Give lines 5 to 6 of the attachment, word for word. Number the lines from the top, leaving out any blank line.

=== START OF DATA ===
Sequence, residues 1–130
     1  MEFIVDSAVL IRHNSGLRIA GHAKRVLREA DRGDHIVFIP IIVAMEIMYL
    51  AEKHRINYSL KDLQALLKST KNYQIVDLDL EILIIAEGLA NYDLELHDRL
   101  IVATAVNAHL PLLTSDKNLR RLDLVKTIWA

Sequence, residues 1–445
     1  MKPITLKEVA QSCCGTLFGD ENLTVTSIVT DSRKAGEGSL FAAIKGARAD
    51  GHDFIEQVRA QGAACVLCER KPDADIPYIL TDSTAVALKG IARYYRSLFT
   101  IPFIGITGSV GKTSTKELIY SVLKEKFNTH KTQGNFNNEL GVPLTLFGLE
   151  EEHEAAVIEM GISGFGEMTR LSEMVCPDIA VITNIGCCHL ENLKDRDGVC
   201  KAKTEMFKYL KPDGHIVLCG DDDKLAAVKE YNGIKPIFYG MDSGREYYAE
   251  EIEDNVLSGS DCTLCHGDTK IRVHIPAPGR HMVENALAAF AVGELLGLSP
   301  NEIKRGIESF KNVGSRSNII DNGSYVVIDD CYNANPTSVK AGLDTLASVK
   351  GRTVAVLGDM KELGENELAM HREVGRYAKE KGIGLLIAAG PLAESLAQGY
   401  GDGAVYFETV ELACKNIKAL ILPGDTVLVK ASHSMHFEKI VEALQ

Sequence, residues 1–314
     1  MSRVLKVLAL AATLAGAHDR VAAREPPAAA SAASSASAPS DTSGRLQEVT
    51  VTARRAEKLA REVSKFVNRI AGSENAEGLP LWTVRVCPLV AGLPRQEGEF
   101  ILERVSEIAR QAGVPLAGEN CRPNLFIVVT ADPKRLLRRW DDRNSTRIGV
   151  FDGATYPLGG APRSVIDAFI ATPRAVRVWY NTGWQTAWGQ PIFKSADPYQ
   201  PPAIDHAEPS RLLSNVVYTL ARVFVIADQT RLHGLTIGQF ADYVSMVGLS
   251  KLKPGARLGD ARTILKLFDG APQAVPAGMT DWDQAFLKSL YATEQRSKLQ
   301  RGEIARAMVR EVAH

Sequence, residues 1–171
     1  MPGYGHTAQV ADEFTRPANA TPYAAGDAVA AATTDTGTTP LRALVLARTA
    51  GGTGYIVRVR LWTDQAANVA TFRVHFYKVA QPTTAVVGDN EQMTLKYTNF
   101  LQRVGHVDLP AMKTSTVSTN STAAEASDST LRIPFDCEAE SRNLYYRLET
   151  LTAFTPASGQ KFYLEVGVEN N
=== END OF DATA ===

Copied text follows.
Sequence, residues 1–445
     1  MKPITLKEVA QSCCGTLFGD ENLTVTSIVT DSRKAGEGSL FAAIKGARAD